18. A hard metal sintered composition, consisting essentially of from 68 per cent to '79 per cent of tungsten carbide bonded by an alloy binder containing from 5 per cent to l per cent of an iron group metal and from 14 per cent to 17 per cent of tantalum carbide.

19. A hard metal sintered composition, consisting essentially of from 68 per cent to 79 per cent of tungsten carbide bonded by a tantalumcarbon, wherein the sum of the tungsten and carbon makes up about 78 per cent by weight of the alloy, at least 88 per cent by weight of such sum of tungsten and carbon being tungsten car-= bide, the remainder of such sum of tungsten and carbon being tungsten metal, and the tantalum carbide, metals of the iron group, and said tungsten metal making up an acid-resistant auxiliary material in the range of from 21 per cent to 32 per cent by weight of the entire alloy. v

22. In an alloy including from 63 per cent to 79 per cent by weight of tungsten carbide, an acidresistant auxiliary material making up from per cent to 21 per cent by weight of the alloy and comprising one or more metals from the group including iron, cobalt, and nickel, ranging between 5 per cent and 7 per cent by weight of the alloy, and tantalum carbide.

23. In an alloy including from 68 per cent to 79 per cent by weight of tungsten carbide, an acidresistant auxiliary material making up from 32 per cent to 21 per cent by weight of the alloy and comprising tantalum carbide making up from 14 per cent to 17 per cent of the alloy, one or more metals from the group including iron, cobalt, and nickel, ranging between 5 and 7 per cent by weight of the alloy, and tungsten metal.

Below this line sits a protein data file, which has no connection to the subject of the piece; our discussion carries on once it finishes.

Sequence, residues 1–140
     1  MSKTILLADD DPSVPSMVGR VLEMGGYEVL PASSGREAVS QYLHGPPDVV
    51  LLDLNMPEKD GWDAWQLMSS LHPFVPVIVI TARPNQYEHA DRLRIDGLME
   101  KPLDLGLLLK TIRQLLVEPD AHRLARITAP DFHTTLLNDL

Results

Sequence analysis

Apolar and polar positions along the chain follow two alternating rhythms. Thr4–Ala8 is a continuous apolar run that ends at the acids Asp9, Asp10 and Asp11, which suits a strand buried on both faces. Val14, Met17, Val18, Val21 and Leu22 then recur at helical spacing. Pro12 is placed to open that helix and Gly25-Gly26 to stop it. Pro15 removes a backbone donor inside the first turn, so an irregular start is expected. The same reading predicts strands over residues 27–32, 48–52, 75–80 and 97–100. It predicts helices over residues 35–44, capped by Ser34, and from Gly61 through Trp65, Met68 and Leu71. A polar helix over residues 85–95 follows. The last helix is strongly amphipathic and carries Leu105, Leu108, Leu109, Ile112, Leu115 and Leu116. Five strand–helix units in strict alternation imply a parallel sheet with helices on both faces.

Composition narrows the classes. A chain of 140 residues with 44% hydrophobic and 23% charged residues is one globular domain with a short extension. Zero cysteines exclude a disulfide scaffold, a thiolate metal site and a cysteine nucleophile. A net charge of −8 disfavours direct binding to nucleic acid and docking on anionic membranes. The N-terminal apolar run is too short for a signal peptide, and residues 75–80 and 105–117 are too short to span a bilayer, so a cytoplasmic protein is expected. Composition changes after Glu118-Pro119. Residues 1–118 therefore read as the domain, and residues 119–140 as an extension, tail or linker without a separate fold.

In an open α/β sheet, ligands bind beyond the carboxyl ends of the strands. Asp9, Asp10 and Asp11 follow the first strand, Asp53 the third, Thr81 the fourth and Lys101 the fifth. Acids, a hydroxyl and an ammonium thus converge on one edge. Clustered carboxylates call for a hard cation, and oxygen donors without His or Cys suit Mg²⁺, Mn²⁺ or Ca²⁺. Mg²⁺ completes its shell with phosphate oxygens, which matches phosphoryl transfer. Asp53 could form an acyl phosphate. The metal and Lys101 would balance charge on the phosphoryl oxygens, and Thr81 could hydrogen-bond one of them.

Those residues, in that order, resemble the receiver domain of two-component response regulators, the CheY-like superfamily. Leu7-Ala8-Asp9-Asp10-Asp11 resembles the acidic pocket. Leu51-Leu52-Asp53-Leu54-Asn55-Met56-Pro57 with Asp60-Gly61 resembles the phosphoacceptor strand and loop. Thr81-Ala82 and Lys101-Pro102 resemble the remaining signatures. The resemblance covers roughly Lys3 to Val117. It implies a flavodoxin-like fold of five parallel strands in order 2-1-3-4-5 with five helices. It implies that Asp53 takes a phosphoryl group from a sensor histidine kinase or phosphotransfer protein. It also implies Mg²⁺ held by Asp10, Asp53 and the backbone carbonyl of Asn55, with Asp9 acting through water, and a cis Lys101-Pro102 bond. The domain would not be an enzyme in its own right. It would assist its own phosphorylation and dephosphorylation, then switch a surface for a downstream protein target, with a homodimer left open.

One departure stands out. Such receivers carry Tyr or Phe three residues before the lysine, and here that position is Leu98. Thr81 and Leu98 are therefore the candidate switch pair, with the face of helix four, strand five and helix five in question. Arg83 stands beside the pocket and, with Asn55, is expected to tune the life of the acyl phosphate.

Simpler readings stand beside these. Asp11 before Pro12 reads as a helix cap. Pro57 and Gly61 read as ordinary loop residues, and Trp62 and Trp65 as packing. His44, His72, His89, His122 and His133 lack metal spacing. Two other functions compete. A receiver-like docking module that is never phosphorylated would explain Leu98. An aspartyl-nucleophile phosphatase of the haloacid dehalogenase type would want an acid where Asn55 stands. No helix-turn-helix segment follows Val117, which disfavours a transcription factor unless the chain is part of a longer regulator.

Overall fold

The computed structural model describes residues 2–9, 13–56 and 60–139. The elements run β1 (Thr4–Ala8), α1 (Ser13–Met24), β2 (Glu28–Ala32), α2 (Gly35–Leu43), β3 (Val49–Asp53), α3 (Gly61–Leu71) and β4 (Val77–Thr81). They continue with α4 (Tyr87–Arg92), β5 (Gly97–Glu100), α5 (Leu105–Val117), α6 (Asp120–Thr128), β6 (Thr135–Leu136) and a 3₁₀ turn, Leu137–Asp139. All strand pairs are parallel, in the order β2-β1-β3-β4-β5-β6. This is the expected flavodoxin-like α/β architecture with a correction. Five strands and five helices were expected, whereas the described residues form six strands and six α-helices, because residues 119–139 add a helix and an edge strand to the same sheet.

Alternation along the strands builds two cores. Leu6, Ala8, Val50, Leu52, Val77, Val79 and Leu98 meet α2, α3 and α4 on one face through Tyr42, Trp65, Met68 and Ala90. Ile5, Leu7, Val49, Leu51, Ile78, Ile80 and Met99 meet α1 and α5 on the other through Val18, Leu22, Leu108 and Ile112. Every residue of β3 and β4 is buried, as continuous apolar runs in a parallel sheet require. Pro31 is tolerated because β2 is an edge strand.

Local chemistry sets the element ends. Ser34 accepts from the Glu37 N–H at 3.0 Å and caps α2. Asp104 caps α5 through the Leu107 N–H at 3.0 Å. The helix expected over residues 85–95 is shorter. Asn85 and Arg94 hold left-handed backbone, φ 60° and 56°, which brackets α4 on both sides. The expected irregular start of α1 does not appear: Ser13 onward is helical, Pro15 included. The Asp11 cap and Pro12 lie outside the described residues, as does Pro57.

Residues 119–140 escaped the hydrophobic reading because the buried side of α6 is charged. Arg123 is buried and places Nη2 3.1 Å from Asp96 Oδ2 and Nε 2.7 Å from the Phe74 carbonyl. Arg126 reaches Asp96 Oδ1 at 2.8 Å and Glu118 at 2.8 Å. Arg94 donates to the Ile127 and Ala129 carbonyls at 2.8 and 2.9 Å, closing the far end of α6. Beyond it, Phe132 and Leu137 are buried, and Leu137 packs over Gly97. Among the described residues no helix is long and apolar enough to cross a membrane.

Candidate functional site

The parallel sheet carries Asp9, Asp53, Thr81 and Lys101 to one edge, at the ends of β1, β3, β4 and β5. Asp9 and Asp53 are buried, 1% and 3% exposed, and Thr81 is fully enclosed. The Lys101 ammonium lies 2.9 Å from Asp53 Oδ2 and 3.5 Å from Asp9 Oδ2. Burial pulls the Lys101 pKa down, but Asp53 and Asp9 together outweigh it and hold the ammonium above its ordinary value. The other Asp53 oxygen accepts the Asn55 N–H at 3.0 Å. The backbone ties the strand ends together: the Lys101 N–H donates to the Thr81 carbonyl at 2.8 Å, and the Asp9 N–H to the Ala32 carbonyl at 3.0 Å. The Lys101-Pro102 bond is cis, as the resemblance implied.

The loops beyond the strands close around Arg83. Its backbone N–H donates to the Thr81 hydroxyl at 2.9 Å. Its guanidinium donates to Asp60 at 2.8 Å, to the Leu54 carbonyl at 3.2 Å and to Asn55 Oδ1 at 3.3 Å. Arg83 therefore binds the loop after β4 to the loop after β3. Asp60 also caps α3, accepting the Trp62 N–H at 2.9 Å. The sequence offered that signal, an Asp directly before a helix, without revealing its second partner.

24. A hard and tough alloy of tungsten carbide and an acid-resistant auxiliary material, wherein the tungsten carbide makes up from 68 per cent to 79 per cent by weight of the alloy, and the acid-resistant auxiliary material makes up the remainder, said auxiliary material comprising iron and another metal of the iron group making up together from 5 per cent to 7 per cent by weight of the alloy, and tantalum carbide.

' 25. A hard and tough alloy of tungsten carbide and an auxiliary material wherein the tungsten carbide makes up from 68 per cent to 79 per cent by weight of the alloy and the auxiliary material makes up the remainder, and includes iron in the range of from 0.5% to 1.6% by weight of the entire alloy, another metal of the iron group together with the said iron making up from 5 per cent to 7 per cent by weight of the entire alloy, and tantalum carbide.

26. An alloy composed of tungsten and carbon, together making up from 68 per cent to 79 per cent by weight of the alloy, substantially all of the carbon being combined with sufficient tungsten to provide tungsten carbide making up at least 88 per cent by weight of the tungsten and carbon together; from 2.5 per cent to 3.5 per cent by weight of cobalt; from 0.5 per cent to 1.6 per cent by weight of iron; sufficient nickel to bring the sum of the iron, cobalt, and nickel percentages up to from 5 per cent to '7 per cent by weight of the entire alloy; and tantalum carbide making up the remainder.